We Are Entering the Age of Alzheimer's You and everyone you know will touched by the disease. How are we going to get through this?
Try as we do, us Americans still croak. One and all, somehow, even today. We are done in by ten likely suspects: heart disease, cancer, stroke, diabetes. Nephritis. Suicide. Yet we can and do fight these things. We have working cures, preventive regimens, ways to halt the damage for all of these commonest causes of death.
All of them, that is, save one.
Alzheimer’s disease is practically unheard of in adults younger than 40, and very rare (one in 2,500) for those under 60. It affects 1 percent of 65-year-olds, 2 percent of 68-year-olds, 3 percent of 70-year-olds. After that, the odds start multiplying. The likelihood of your developing Alzheimer’s more or less doubles every five years past 65. Should you make it to 85, you will have, roughly, a fifty-fifty shot at remaining sane.
Eighty-five, though! That’s infinity-and-a-day away. Except that, by 2030, the population of Americans aged 65 and over also will have doubled. At that point, the number of people suffering from Alzheimer’s or related dementias around the world is expected to hit 76 million. Twenty years after that, in 2050, the number will be 135 million, including new cases in rapidly modernizing places like China and sub-Saharan Africa. The cost of their care in this country alone is projected to hit $1 trillion per annum, inflation not included.
There’s nothing new about aging. But Alzheimer’s is not simply a byproduct of old age. It is a degenerative brain disease, a fatal one. A degenerative brain disease that almost exclusively targets people who, prior to the twentieth century, were demographic anomalies.
In 1900, about 4 percent of the U.S. population was older than 65. Today, 90 percent of all babies born in the developed world will live past that age. Barring a miracle cure, or some kind of Stand-esque superfluenza, dementia will become the public health crisis of our time. A late interpolation into the shared story of human existence.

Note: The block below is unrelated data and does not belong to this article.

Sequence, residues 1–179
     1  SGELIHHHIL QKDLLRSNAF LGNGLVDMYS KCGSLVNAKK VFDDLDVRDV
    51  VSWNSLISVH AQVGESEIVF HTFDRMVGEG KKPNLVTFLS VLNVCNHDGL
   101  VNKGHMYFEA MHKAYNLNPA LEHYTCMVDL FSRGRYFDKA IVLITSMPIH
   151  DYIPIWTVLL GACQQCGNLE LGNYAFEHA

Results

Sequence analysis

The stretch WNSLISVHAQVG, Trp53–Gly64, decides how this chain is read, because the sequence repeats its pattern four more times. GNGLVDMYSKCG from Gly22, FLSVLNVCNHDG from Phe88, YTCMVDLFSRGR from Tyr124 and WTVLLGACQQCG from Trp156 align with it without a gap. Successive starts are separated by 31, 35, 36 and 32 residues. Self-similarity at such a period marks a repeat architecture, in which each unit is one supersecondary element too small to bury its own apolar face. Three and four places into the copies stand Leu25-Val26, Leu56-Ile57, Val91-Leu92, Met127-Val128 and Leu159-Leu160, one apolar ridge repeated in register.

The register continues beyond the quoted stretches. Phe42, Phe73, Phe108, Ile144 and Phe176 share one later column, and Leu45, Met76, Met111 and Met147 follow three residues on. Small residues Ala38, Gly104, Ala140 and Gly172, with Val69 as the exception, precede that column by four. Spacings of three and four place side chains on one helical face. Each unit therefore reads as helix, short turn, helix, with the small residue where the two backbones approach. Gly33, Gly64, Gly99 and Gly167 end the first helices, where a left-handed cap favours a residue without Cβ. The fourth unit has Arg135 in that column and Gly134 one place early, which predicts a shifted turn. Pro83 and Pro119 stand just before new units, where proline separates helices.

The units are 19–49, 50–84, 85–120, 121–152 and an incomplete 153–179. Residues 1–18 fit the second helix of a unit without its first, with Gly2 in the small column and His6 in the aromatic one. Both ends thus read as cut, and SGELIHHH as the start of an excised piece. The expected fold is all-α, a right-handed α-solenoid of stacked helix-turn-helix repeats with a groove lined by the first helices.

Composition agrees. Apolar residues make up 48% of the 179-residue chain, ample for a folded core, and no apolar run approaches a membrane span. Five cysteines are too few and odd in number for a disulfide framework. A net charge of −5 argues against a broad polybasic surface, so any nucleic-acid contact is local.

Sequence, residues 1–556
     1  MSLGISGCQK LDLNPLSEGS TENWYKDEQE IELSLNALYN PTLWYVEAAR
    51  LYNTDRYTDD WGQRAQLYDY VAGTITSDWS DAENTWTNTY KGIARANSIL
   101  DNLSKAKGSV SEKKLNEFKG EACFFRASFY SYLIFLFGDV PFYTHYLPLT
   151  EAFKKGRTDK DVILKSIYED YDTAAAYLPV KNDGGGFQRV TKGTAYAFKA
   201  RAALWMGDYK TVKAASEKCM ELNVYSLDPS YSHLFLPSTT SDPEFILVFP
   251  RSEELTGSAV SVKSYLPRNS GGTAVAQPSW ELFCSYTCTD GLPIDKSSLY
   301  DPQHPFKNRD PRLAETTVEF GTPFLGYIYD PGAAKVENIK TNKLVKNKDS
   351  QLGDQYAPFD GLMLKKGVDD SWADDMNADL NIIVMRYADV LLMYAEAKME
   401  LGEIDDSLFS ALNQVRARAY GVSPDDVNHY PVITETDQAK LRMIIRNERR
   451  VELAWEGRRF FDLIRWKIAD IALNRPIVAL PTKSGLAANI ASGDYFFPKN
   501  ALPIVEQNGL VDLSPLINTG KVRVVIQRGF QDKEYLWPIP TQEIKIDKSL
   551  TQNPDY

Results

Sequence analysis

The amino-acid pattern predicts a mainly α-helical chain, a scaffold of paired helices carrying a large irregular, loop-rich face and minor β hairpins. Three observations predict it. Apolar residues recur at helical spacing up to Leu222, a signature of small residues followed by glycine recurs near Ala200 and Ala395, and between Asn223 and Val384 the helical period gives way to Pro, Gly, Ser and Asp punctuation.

So far in the future, my guy! you might say. Who knows what medical science will cook up in the meantime? Anyway, I’ve seen the movies; I remember the dad from The Corrections. I know how this story plays out.
To the former bit of rhetoric, about the future: very true. A breakthrough may come. To the latter statements, about artistic representation—that all is great! It is great that the specter of Alzheimer’s disease (in particular) and dementia (in general) is beginning to ghost around our culture.
But this trickle of Alzheimer’s narratives will one day be an inundation. And, already, it’s ossifying into a genre. We know what to expect in a dementia tale: The devastated spouse, say, whose husband of 60 years flinches fearfully whenever she wipes at his mouth. Or else the pampered (if not little loved) child who comes of age while overseeing what age has ravaged.
I could tell you any number of such true stories. I could tell you about one or another patient at Isabella Geriatric Center in north Manhattan, which I frequented when I lived a few blocks up the street. I could tell you about the mute, smiling seniors I met on a reporting trip to Hogewey, the pioneering dementia facility just outside of Amsterdam. I could tell you my own story, about the three family members who metamorphosed into jabbering Lears before my eyes.
For the rest of the story: http://www.newrepublic.com/article/119265/alzheimers-disease-statistics-show-illness-will-define-our-times